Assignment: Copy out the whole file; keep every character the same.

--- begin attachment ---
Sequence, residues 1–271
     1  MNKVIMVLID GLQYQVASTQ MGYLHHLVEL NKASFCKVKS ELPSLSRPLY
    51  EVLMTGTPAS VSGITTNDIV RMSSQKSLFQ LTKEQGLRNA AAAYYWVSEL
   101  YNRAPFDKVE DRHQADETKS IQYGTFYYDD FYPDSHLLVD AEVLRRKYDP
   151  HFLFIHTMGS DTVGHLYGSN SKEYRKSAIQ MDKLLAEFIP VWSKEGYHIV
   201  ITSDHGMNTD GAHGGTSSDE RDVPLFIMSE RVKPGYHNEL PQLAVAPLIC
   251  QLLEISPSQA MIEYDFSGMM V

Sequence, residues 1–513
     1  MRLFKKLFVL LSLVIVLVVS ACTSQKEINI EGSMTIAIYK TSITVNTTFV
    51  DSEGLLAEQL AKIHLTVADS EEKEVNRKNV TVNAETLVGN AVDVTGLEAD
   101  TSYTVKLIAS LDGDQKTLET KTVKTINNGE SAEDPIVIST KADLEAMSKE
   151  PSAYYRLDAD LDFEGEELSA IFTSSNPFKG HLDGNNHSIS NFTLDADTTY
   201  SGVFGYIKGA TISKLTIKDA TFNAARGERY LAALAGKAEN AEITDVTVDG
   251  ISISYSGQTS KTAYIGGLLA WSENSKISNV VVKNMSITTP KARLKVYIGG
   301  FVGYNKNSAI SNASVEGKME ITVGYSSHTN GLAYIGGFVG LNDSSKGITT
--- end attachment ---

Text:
Sequence, residues 1–271
     1  MNKVIMVLID GLQYQVASTQ MGYLHHLVEL NKASFCKVKS ELPSLSRPLY
    51  EVLMTGTPAS VSGITTNDIV RMSSQKSLFQ LTKEQGLRNA AAAYYWVSEL
   101  YNRAPFDKVE DRHQADETKS IQYGTFYYDD FYPDSHLLVD AEVLRRKYDP
   151  HFLFIHTMGS DTVGHLYGSN SKEYRKSAIQ MDKLLAEFIP VWSKEGYHIV
   201  ITSDHGMNTD GAHGGTSSDE RDVPLFIMSE RVKPGYHNEL PQLAVAPLIC
   251  QLLEISPSQA MIEYDFSGMM V

Sequence, residues 1–513
     1  MRLFKKLFVL LSLVIVLVVS ACTSQKEINI EGSMTIAIYK TSITVNTTFV
    51  DSEGLLAEQL AKIHLTVADS EEKEVNRKNV TVNAETLVGN AVDVTGLEAD
   101  TSYTVKLIAS LDGDQKTLET KTVKTINNGE SAEDPIVIST KADLEAMSKE
   151  PSAYYRLDAD LDFEGEELSA IFTSSNPFKG HLDGNNHSIS NFTLDADTTY
   201  SGVFGYIKGA TISKLTIKDA TFNAARGERY LAALAGKAEN AEITDVTVDG
   251  ISISYSGQTS KTAYIGGLLA WSENSKISNV VVKNMSITTP KARLKVYIGG
   301  FVGYNKNSAI SNASVEGKME ITVGYSSHTN GLAYIGGFVG LNDSSKGITT